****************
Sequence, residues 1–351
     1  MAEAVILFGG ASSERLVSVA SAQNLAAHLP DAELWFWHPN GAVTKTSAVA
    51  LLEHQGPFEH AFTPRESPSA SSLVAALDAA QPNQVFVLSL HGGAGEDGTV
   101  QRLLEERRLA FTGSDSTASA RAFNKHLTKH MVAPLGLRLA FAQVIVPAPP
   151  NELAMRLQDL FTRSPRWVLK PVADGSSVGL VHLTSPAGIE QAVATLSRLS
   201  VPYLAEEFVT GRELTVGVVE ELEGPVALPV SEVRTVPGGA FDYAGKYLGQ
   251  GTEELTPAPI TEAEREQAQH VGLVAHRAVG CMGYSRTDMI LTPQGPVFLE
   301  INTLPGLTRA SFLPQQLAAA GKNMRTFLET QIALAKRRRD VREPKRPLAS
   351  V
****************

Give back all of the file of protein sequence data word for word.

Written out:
Sequence, residues 1–351
     1  MAEAVILFGG ASSERLVSVA SAQNLAAHLP DAELWFWHPN GAVTKTSAVA
    51  LLEHQGPFEH AFTPRESPSA SSLVAALDAA QPNQVFVLSL HGGAGEDGTV
   101  QRLLEERRLA FTGSDSTASA RAFNKHLTKH MVAPLGLRLA FAQVIVPAPP
   151  NELAMRLQDL FTRSPRWVLK PVADGSSVGL VHLTSPAGIE QAVATLSRLS
   201  VPYLAEEFVT GRELTVGVVE ELEGPVALPV SEVRTVPGGA FDYAGKYLGQ
   251  GTEELTPAPI TEAEREQAQH VGLVAHRAVG CMGYSRTDMI LTPQGPVFLE
   301  INTLPGLTRA SFLPQQLAAA GKNMRTFLET QIALAKRRRD VREPKRPLAS
   351  V